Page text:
Business creation is up in Tooele.
According to the Tooele City Recorders Office, 145 new business licenses were issued in the city as of the end of August 2012 compared to 121 new licenses issued in the same time period in 2011 — a 20 percent increase.
There were 19 licenses issued for home sales — a category covering everything from health and weight loss products to cupcakes sales, windshield repair, gun smithing and taxidermy.
New businesses licensed by Tooele City include computers, handymen, salons, massage, contractors, auto services, retail stores, medical services, home cleaning, animal services, accounting, restaurants, fitness, marketing, rental, financial services, photography, landscaping, and construction.
“Many of the people that come in to license their own business are looking to supplement their income or replace income from a lost job,” said Lisa Carpenter, Tooele City deputy recorder. “People have also sad they want to start their own business because they want to be their own boss.”
Melanie Bertolio opened a home sales business, Bertopia Geckos, in Stansbury Park in April.
Bertolio, who works a full-time job in Salt Lake City, sells crested geckos — a breed of the popular reptile pet characterized by a crest that runs from each eye to the tail— from her home. The business was a natural extension of her hobby.
“I started four or five years ago breeding geckos as a hobby and things just started to grow,” said Bertolio. “I started selling them to friends and at reptile expos. I was doing so much business so I figured it was time to get a business license.”
Bertolio advertises online and maintains a website for her business. She ships geckos across the country.
Tooele City has also licensed 12 new handymen so far this year, along with 11 new computer sales and service shops, and 11 new salons.
Heather Mannos opened up Abracadabra Salon on West Vine Street in September.
For Mannos, who has worked in the salon industry for 10 years, the opportunity to own her own business and be her own boss was a motivating factor.
Brian Shook started up Beehive Property Solutions, a handyman service, in March after being laid off from work designing a TRAX extension for the Utah Transit Authority. His business provides a one-stop service for property managers that need to fix up rental properties. Shook does painting, replaces toilets, repairs leaky faucets and other minor repairs.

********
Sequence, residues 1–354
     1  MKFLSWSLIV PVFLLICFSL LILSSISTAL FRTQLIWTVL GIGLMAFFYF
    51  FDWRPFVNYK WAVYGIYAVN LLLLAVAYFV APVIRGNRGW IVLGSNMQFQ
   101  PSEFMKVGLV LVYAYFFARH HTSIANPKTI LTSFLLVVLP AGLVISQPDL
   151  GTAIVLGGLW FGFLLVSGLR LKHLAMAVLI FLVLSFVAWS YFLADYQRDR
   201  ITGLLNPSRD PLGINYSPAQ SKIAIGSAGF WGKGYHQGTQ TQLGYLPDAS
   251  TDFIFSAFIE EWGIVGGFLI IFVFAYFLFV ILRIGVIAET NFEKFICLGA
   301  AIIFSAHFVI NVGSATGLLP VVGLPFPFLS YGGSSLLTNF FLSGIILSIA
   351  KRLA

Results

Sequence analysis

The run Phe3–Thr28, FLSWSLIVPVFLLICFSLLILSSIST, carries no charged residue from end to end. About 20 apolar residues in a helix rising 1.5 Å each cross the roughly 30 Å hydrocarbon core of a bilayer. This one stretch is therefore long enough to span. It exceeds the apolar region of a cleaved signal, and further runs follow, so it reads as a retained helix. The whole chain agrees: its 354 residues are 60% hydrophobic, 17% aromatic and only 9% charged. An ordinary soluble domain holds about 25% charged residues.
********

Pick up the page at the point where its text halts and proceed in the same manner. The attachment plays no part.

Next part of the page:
“I looked for a business that would have a growth opportunity in this economy,” said Shook. “With people turning foreclosures into rentals, I thought I could use my skills and provide a service for property managers that would cost less than using multiple contractors for the same services.”
So far the move has paid off for Shook, who has several property managers in Tooele County that use his services enough that earnings from the company are his main source of income.
The company remains a small business, with Shook performing most of the work himself.
Striking out and setting up your own small business can be a risky move.
After one year, 10 percent of new small businesses fail. After two, the failure rate jumps to 25 percent, and at the five-year mark it goes to 45 percent, according to the U.S. Bureau of Labor Statistics.
Ryan Murray, director of the small business resource center at Utah State University Tooele, helps new businesses beat the odds.
“A large percentage of these new businesses are most likely licensed to people that had an idea for a business, got a license and now are working on their business plan,” said Murray.
Murray recommends the reverse order — business plan first and then licensing.
Service businesses like handymen and cleaning services are more attractive to local entrepreneurs because a lower overhead means the businesses break even and turn a profit earlier than other businesses, Ryan said.
“Most people underestimate what it takes to launch a new business,” said Murray. “It takes a lot of work and effort and requires some risk.”
While many new businesses are spawned out of necessity by people who find themselves laid off from a job, Murray advises that if possible people keep their current job while starting a new business.
“Even starting a new business while working another job eventually requires risk,” said Murray. “Eventually you come to the point where you have to put in more time to make your new business grow than you can put in while working your current job,” said Murray. “Then you have to make a leap of faith because there is no guarantee that your business will succeed.”
Mannos made that leap of faith and one month later she is happy with her decision.
“We have had very steady business since the day we opened,” said Mannos.